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Middle Class Size in the Past, Present, and Future: A Description of Trends in Asia

dc.contributor.authorNatalie Chun
dc.date.accessioned2015-01-24T13:14:10Z
dc.date.available2015-01-24T13:14:10Z
dc.date.issued2010-09-01
dc.identifier.issn1655-5252
dc.identifier.urihttp://hdl.handle.net/11540/1562
dc.description.abstract"This paper describes the size of the middle class in developing Asia across countries and over time. Based on an absolute measure of the middle class of $2–$20 (2005 purchasing power parity United States dollars), it finds that between 1990 and 2008, the size of the middle class in developing Asia has grown dramatically in percentage share, absolute size, and purchasing power. However, there are large variations in the size and growth of the middle class across countries, with the primary growth of the middle class largely driven by the People’s Republic of China (PRC). Considerably smaller growth has occurred in many countries including Nepal and Sri Lanka. Still, a large portion of the middle class residing in the $2–$4 range are extremely vulnerable, and many of the poor in Asia remain in the PRC and India. This suggests that it may be good for policymakers to not only focus on countries that have lagged behind in terms of growth of the middle class, but that it should also concern itself with focusing on countries where there is still considerable room to build, and bolster the absolute size of the middle class in Asia."
dc.publisherAsian Development Bank
dc.titleMiddle Class Size in the Past, Present, and Future: A Description of Trends in Asia
dc.typeWorking Papers
dc.subject.expertEconomic Welfare
dc.subject.expertEconomic Incentives
dc.subject.adbSocial condition
dc.subject.adbEconomic dependence
dc.subject.adbEconomic assistance
dc.subject.naturalWelfare economics
dc.subject.naturalWelfare state
dc.subject.naturalPoor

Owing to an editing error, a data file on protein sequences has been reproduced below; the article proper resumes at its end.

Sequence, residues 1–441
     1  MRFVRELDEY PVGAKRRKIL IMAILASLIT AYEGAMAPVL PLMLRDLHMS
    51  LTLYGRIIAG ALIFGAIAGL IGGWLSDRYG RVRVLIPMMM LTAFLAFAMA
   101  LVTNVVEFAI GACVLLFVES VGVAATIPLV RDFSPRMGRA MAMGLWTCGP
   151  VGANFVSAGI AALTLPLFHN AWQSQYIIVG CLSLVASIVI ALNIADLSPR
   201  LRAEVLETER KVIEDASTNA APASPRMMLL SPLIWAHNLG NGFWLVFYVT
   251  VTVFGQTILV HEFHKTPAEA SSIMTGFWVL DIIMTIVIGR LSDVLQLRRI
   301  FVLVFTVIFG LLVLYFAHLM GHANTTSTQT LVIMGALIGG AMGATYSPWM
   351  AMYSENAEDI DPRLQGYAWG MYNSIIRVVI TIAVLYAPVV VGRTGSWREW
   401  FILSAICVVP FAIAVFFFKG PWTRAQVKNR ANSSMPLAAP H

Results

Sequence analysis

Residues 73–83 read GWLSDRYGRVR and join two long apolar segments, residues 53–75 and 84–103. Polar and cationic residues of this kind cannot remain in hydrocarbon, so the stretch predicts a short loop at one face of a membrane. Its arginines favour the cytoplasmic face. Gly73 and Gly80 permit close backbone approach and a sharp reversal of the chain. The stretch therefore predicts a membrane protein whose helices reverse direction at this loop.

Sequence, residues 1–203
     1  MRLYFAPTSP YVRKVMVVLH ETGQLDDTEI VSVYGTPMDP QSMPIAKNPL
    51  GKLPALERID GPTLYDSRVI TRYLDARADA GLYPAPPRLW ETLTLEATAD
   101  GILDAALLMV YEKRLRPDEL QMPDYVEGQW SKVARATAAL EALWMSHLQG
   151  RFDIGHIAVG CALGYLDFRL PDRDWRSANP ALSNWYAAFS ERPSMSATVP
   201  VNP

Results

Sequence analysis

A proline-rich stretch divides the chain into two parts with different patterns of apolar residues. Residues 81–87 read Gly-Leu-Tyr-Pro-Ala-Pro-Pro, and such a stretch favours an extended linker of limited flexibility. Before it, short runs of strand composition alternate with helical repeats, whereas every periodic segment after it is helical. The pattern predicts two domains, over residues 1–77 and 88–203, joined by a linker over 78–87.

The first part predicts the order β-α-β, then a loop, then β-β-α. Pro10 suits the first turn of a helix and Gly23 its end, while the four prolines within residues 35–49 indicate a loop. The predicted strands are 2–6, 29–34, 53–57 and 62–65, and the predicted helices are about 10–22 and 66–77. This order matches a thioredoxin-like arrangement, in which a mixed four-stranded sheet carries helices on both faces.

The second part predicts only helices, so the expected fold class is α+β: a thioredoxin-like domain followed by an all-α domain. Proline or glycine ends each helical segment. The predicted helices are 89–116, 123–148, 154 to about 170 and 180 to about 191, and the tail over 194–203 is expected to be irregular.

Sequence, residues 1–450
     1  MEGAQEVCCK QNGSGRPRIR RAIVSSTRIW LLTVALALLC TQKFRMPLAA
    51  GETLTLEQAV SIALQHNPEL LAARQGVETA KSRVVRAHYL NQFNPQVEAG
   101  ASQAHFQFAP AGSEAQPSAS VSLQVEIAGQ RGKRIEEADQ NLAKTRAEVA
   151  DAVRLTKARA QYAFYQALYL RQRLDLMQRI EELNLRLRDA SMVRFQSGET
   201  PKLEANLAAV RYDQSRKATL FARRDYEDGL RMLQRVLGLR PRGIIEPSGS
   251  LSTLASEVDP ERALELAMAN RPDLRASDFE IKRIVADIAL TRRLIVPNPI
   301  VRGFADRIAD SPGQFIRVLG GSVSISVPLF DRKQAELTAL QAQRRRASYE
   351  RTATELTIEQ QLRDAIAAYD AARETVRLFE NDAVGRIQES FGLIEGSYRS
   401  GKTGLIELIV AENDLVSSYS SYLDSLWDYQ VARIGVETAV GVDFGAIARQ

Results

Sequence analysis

dc.subject.naturalFood relief
dc.subject.naturalPoverty
dc.subject.naturalDomestic economic assistance
dc.title.seriesADB economics working paper series
dc.title.volumeNo. 217
dc.contributor.imprintAsian Development Bank
oar.themeEconomics
oar.adminregionAsia and the Pacific Region
oar.countryBangladesh
oar.countryBhutan
oar.countryIndia
oar.countryMaldives
oar.countryNepal
oar.countrySri Lanka
oar.countryBrunei Darussalam
oar.countryBrunei Darussalam
oar.countryCambodia
oar.countryIndonesia
oar.countryLao People's Democratic Republic
oar.countryMalaysia
oar.countryMyanmar
oar.countryPhilippines
oar.countrySingapore
oar.countryThailand
oar.countryViet Nam
oar.countryCook Islands
oar.countryFiji
oar.countryKiribati
oar.countryMarshall Islands
oar.countryMicronesia, Federated States of
oar.countryNauru
oar.countryPalau
oar.countryPapua New Guinea
oar.countrySamoa
oar.countrySolomon Islands
oar.countryTimor-Leste
oar.countryTonga
oar.countryTuvalu
oar.countryVanuatu
oar.countryAfghanistan
oar.countryArmenia
oar.countryAzerbaijan
oar.countryGeorgia
oar.countryKazakhstan
oar.countryKyrgyz Republic
oar.countryPakistan
oar.countryTajikistan
oar.countryTurkmenistan
oar.countryUzbekistan
oar.countryChina, People’s Republic of
oar.countryHong Kong, China
oar.countryChina, People’s Republic of
oar.countryRepublic of Korea
oar.countryMongolia
oar.countryTaipei,China
oar.identifierOAR-001272
oar.authorChun, Natalie
oar.importtrue
oar.googlescholar.linkpresenttrue


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